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Browse Prior Art Database

Trapped Flux Removal

IP.com Disclosure Number: IPCOM000097210D
Original Publication Date: 1962-Jul-01
Included in the Prior Art Database: 2005-Mar-07
Document File: 2 page(s) / 30K

Publishing Venue

IBM

Related People

Caswell, HL: AUTHOR [+3]

Abstract

Magnetic flux is unintentionally trapped in the shielding ground plane of a superconductive circuit. This occurs either as a result of the incomplete expulsion of stray magnetic fields at the time the circuit is initially cooled below the superconducting critical temperature or during circuit operation, when a portion of the ground plane is driven resistive. In either event, the trapped flux provides an unwanted magnetic field that can adversely affect the circuit cryotrons in proximity. By providing a ground plane that exhibits a linear thickness variation in one dimension, any trapped flux is caused to migrate to a region where it does not influence the operating superconductive circuit.

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Trapped Flux Removal

Magnetic flux is unintentionally trapped in the shielding ground plane of a superconductive circuit. This occurs either as a result of the incomplete expulsion of stray magnetic fields at the time the circuit is initially cooled below the superconducting critical temperature or during circuit operation, when a portion of the ground plane is driven resistive. In either event, the trapped flux provides an unwanted magnetic field that can adversely affect the circuit cryotrons in proximity. By providing a ground plane that exhibits a linear thickness variation in one dimension, any trapped flux is caused to migrate to a region where it does not influence the operating superconductive circuit.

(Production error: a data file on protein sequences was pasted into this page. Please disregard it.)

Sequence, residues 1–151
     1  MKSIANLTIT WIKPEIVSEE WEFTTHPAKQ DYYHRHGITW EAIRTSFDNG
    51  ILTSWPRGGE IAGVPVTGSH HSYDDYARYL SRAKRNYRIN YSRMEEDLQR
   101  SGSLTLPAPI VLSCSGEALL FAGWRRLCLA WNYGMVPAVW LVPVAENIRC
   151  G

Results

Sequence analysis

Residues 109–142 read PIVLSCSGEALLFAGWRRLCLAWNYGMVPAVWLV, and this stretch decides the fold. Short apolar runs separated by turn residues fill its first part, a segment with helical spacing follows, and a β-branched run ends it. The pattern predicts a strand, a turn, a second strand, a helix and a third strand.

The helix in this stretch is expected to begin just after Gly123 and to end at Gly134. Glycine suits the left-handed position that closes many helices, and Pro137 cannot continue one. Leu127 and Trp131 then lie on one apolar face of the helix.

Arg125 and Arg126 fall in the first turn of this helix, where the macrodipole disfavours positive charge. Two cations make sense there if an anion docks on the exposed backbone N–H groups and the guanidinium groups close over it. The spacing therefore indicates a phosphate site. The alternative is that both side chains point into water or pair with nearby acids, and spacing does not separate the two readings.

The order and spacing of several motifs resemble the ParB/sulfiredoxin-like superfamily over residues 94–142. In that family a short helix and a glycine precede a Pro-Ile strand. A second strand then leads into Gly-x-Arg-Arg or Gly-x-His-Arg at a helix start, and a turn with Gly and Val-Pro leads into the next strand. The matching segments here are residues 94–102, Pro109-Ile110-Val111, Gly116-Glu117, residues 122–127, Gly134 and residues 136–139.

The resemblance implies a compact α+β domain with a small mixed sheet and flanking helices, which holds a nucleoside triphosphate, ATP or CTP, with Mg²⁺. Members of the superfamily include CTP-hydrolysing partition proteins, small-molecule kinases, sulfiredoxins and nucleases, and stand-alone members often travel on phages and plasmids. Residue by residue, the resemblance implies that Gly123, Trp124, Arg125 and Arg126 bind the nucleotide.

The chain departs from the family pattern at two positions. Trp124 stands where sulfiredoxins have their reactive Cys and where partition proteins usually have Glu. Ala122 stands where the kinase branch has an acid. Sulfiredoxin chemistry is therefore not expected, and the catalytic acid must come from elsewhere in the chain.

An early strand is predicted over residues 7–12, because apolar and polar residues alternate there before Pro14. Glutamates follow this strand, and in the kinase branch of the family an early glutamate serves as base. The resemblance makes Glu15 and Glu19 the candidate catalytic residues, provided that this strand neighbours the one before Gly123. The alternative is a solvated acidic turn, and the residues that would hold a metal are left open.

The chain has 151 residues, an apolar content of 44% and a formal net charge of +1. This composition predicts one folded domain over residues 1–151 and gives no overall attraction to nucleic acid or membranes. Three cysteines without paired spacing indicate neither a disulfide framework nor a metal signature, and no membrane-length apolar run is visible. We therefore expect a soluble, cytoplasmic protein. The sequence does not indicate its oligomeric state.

In this arrangement, the ground plane tapers from left to right and includes a number of trapped flux lines 1 through a normal region N. The circles and crosses represent circulating current. The volume occupied by the normal region decreases, if it moves in the direction of the arrow, as a result of the thickness variation in the ground plane. Thus, a net force, proportional to the gradient in thickness and the free energy difference between normal and superconducting states, is present tending to sweep the trapped flux out of the ground plane.

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